I wasn’t looking forward to the 496-mile drive home from Michigan, so I decided to take the long way and add 90 miles.
I had my reasons, including avoiding border crossings in and out of Canada that can sometimes mean sitting in a long line of cars for a half hour.
But what I really wanted to do was to make the solo trip more enjoyable, less stressful. There was no rush to get home, and what did it matter if it took me 9 1/2 hours instead of 8 1/2?
It’s part of my new approach of trying to slow down and enjoy, rather than endure, even the most mundane activities.
I’m glad I went the long way. Those extra 90 miles, rather than looming as an added burden, were an opportunity to get some good mental and emotional work done.
The start was rather gloomy with a steady drizzle, minor construction and the signs for the city of Flint, which of course now is synonymous with America’s failure to provide safe drinking water to its children.
But the skies cleared, and Ohio arrived with signs for towns I associate with my old college friends from Ohio State — Perrysburg, Maumee, Geneva, Willoughby, Ashtabula. I shared an important part of my life with people from those places, and the memories came flooding back.
Nostalgia led me to listen to a CD by the ’70s rock group Boston, which I always associate with the college years. (I saw them in concert — for $3 — at the Agora theater in Columbus in 1977.)
The drive through downtown Cleveland on I-90 took me past Progressive Field, the home of the long downtrodden Cleveland Indians. That, of course, led me to another CD in my collection — a live recording of “The Green Fields of the Mind,” a classic essay on baseball by the late former commissioner, Bart Giamatti.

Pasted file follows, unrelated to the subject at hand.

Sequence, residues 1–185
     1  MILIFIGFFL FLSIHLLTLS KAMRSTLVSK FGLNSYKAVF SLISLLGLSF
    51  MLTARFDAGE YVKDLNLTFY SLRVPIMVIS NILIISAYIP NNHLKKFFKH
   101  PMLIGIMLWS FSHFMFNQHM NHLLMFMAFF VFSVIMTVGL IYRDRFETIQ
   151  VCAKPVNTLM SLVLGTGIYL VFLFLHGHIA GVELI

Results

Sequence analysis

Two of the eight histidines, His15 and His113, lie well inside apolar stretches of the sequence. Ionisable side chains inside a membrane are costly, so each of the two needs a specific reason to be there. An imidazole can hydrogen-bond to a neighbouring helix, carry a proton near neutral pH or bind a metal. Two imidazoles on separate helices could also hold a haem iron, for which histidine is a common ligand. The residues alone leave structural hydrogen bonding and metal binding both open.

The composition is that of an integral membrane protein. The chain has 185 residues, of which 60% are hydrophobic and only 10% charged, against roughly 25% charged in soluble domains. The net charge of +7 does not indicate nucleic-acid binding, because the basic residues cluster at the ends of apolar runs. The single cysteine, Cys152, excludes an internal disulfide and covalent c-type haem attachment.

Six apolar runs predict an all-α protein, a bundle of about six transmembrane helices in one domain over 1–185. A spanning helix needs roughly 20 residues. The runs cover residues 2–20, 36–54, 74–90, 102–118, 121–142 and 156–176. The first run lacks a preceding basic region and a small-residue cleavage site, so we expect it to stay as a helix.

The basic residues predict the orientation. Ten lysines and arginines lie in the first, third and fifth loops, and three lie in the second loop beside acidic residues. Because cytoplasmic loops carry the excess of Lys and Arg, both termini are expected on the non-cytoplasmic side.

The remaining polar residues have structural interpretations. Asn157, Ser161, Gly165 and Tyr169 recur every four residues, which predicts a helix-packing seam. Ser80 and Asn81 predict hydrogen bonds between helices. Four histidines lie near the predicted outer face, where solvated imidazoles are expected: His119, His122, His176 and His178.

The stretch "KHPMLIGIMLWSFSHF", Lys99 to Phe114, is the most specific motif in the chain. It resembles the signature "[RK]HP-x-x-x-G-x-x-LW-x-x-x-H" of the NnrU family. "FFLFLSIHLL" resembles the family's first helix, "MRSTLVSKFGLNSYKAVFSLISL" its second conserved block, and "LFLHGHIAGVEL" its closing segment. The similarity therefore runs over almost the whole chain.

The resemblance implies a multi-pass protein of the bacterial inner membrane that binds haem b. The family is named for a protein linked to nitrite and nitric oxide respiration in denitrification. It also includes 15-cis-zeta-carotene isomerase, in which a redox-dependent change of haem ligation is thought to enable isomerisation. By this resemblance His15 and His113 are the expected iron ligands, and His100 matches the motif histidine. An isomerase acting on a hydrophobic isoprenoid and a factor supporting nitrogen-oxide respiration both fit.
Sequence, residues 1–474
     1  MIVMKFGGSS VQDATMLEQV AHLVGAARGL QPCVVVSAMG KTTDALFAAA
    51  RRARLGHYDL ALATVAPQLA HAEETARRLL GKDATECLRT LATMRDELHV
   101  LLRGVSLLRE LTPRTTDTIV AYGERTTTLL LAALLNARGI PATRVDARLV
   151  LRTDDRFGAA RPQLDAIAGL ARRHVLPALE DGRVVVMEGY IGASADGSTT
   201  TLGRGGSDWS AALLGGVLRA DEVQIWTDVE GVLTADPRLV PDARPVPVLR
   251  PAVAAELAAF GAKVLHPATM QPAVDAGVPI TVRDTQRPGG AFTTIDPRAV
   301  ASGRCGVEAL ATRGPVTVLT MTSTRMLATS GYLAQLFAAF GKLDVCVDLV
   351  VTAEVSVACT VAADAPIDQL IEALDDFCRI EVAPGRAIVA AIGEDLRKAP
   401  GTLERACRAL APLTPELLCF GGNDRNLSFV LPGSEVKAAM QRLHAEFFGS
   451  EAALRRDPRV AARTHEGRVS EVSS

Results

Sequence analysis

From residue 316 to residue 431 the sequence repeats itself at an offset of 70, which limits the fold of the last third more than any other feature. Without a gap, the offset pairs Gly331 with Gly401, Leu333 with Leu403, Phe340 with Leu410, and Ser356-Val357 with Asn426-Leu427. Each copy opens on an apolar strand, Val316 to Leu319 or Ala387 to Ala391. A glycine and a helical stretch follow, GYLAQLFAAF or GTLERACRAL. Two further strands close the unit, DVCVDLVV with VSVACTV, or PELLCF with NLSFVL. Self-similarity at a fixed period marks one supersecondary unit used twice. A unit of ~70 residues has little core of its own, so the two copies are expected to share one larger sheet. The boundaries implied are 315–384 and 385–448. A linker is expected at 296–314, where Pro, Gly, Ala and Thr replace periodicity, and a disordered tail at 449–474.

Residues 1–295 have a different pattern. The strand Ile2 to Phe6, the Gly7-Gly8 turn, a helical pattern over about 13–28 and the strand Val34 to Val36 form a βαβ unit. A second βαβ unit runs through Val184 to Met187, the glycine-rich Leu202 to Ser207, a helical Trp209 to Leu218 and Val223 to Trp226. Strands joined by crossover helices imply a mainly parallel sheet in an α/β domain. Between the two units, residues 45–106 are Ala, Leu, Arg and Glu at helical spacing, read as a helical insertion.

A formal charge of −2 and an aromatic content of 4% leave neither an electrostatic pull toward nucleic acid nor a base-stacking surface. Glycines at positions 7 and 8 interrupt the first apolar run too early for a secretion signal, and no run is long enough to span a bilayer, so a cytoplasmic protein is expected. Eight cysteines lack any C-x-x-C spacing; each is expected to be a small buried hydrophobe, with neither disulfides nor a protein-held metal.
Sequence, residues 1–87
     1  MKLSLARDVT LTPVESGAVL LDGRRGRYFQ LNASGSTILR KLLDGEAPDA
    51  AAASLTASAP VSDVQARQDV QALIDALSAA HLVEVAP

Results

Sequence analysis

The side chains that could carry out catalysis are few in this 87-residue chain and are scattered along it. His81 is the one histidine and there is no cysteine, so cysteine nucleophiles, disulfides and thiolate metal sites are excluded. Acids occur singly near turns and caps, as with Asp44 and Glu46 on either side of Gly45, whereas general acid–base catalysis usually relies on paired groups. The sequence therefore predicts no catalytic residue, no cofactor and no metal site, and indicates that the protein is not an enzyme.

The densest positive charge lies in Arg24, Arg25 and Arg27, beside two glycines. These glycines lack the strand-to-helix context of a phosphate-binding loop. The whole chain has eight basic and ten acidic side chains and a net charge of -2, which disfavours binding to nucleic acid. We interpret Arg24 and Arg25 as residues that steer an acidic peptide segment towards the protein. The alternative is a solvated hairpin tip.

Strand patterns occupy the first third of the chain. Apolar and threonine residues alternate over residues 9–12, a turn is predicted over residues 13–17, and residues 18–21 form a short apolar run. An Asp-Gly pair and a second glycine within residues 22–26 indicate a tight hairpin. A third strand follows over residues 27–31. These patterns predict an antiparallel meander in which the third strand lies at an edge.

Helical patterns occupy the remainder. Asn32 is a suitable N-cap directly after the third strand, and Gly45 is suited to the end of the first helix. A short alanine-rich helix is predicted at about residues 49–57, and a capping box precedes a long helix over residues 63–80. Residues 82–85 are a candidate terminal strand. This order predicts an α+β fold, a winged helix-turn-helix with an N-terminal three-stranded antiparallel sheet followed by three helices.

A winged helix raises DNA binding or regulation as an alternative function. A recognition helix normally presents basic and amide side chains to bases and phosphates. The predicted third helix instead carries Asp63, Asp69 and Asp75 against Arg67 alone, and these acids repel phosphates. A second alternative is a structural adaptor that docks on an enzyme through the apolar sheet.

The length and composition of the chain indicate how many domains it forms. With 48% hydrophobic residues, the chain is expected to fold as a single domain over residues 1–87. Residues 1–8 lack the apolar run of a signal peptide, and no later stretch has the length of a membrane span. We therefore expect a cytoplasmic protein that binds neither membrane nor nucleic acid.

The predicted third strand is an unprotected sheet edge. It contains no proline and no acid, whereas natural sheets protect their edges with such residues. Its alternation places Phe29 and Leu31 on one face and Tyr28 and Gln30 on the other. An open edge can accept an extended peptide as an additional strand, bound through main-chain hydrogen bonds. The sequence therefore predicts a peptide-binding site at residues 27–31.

Yes, the game breaks your heart (it’s meant to) and it brings tears to my eyes every time I listen to it, but it does wonders for the soul. Baseball fan or not, give it a listen.
Giamatti acknowledges the superiority of baseball on the radio vs. television, so after I listened to his essay a couple of times, I turned on the radio to try to find a ballgame.
Sure enough, I found the Washington Nationals’ broadcast just in time to hear aging slugger Ryan Zimmerman hit a home run against the Detroit Tigers. The signal didn’t last long, as crackling static took over.
That sound, normally so annoying, was actually a comfort. It took me back to my youth and my early love of baseball in the pre-cable era when there was only one televised game on Saturday afternoon.
Listening to games on the radio before going to sleep at night was heaven to an 11-year-old baseball nut. (My dad and my mom both loved baseball, so staying up late to listen to games was allowed). And it was a bonus if the play-by-play announcer kept quiet often enough so you could hear the crowd, the peanut vendors and other sounds of the game.
Now there’s just too much talking, too much noise . . . and I don’t just mean during baseball broadcasts, of course. Unwelcome, grating static is everywhere.
I crossed into New York, the home stretch. For most of the last three hours, until I pulled into my driveway in the dark, I kept it quiet, with nothing to listen to except my own thoughts.